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Comcast's X1 Sets Sights on Nation's Capital

Comcast Corp.'s next-gen video platform will secure a showcase near the political pulse of the country later this month, when the operator launches its IP-capable X1 platform to customers in Washington, D.C. Comcast Chairman Brian Roberts made reference to the coming deployment last Thursday during a Q&A session at the Economic Club of Washington. X1, he said, will be rolled out to "every major city" served by Comcast in 2013. Comcast has not revealed a specific date for the launch, but D.C. is poised to become the eighth market to get X1, a service that features an IP-fed, cloud-based guide that's housed at the Comcast Media Center (CMC) in Centennial, Colo. Following an initial launch in Boston in mid-2012, Comcast has introduced X1 in Colorado Springs; Atlanta and Augusta, Ga.; Chattanooga, Tenn.; San Francisco; and the Philadelphia area. The current version of X1 is a QAM/IP hybrid delivered to an HD-DVR from Pace plc that can share content with an HD client box called the RNG150N. Video services are still piped in via QAM technology, but the guide and its integrated apps are delivered in IP via the box's integrated cable modem. (See Comcast's X1 Gets a Multi-Room Partner .) Future versions of gateways that support X1 will bake in a transcoder that can convert QAM video signals into IP streams and pass them along to tablets, PCs, IP-only HD client boxes, and other devices that are hanging off the home network. (See Comcast All-Service Gateways Go 'Headless' and Zenverge Eyes More Streams for More Screens .) Comcast is developing a new version of its cloud-based guide, internally referred to as "X2," that will incorporate more personalized recommendations based on viewing habits and other data, giving customers a new way to discover and find live and on-demand content they might be interested in. At the National Cable Television Cooperative Inc. (NCTC) Winter Educational Conference last month in Las Vegas, Comcast Senior Director of Product Management Rachel Lee said X2 will provide a "stronger editorial voice throughout the guide." (See Comcast's X2 to Get Personal With the TV.) Comcast is marketing X1 primarily to new customers who sign up for the MSO's triple-play bundle, though it could also be used as a retention tool as the company tries to close the gap on video subscriber losses. Comcast shed 336,000 video subscribers in 2012, but is currently on a nine-quarter streak of improved results in the troublesome category. It would've gained video subs in the fourth quarter of last year if not for the effects of Superstorm Sandy. (See Good News/Bad News for Cable TV and Comast Whiffs on Video Subs But Scores NBCU.) — Jeff Baumgartner, Site Editor, Light Reading Cable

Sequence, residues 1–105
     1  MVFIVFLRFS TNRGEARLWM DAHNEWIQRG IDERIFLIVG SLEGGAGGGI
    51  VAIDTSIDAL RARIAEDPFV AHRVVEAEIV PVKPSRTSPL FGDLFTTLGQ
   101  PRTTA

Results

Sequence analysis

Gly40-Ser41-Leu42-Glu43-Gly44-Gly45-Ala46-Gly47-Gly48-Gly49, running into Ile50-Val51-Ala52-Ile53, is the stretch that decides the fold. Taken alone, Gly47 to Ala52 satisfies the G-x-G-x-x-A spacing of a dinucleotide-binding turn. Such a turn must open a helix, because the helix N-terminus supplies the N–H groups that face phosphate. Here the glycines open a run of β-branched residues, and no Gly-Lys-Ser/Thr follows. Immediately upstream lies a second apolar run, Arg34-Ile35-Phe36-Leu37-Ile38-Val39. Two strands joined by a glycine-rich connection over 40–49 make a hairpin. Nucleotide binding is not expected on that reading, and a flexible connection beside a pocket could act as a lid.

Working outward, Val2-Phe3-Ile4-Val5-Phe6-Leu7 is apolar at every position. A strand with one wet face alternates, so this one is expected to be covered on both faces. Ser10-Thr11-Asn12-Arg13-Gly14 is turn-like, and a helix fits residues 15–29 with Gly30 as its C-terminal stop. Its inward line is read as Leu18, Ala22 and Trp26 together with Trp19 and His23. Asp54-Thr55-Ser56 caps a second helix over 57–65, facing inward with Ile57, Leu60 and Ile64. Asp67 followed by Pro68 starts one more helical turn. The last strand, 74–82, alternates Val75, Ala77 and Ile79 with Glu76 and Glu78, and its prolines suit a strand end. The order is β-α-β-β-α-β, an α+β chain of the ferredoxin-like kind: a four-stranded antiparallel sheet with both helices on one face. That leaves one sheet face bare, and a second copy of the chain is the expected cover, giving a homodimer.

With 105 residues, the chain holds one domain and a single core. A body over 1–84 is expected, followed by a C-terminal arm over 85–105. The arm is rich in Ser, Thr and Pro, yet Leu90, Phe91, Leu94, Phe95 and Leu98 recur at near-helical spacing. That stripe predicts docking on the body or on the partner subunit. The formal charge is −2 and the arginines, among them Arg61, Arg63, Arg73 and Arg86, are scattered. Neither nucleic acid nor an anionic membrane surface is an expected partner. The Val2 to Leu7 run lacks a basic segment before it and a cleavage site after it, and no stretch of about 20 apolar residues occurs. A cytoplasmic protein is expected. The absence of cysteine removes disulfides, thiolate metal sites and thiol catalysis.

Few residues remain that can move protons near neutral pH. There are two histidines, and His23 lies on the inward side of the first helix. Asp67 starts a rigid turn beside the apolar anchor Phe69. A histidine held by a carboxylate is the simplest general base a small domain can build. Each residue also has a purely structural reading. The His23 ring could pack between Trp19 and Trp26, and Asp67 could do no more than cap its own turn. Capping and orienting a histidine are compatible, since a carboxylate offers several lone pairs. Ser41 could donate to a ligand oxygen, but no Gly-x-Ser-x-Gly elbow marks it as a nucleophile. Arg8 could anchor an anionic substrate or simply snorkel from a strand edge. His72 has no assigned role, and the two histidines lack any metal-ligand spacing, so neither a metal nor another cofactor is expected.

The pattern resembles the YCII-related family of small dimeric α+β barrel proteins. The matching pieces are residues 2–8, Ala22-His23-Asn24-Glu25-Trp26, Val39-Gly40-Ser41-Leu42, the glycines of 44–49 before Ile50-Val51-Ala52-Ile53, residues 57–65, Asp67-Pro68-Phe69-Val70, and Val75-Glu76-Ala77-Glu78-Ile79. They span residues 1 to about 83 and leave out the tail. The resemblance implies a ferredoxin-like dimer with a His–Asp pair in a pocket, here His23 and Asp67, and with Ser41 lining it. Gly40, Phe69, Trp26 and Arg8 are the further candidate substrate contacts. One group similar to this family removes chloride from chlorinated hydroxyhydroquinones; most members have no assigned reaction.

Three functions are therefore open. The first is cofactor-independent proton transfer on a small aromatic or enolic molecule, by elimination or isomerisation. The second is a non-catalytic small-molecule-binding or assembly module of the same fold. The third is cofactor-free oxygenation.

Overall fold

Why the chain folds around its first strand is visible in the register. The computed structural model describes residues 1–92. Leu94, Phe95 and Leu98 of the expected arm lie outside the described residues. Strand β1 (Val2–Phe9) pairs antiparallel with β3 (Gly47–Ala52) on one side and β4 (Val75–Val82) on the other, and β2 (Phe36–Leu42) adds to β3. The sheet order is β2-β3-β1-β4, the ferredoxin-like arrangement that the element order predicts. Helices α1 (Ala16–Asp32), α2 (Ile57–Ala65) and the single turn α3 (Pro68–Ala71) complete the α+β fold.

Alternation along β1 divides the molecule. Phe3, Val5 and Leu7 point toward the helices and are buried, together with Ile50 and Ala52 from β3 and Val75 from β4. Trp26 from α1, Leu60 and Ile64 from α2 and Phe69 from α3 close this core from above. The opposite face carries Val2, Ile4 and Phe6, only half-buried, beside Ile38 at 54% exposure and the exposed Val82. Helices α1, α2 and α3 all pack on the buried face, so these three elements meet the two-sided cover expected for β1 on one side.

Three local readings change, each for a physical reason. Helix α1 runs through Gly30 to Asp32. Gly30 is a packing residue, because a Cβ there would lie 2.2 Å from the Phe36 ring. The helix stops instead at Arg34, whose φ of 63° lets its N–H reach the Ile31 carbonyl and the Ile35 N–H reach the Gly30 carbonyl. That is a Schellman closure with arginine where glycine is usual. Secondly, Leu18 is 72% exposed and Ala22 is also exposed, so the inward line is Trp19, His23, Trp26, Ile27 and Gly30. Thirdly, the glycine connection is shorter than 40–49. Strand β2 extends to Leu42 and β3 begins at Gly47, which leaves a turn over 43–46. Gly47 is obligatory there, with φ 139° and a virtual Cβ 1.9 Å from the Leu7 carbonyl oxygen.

Jeff Baumgartner 3/26/2013 | 5:00:42 PM
re: Comcast's X1 Sets Sights on Nation's Capital Looks like Denver will beat D.C. to the punch, though the Mile High City is technically part of the market that already launched X1 when it was introduced in Colo. Springs earlier this year: http://www.9news.com/news/arti...
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